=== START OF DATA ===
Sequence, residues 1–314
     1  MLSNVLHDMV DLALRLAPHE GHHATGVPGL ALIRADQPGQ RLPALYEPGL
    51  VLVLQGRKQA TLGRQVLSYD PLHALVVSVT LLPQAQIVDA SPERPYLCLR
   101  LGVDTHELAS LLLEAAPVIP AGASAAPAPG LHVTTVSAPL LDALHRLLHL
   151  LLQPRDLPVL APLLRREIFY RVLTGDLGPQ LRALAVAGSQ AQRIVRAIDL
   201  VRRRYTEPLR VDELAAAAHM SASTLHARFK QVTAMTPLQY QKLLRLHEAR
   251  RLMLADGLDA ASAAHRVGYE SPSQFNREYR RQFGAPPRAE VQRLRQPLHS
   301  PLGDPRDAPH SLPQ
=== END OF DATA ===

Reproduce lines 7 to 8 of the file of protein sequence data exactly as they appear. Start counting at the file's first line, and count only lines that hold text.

   251  RLMLADGLDA ASAAHRVGYE SPSQFNREYR RQFGAPPRAE VQRLRQPLHS
   301  PLGDPRDAPH SLPQ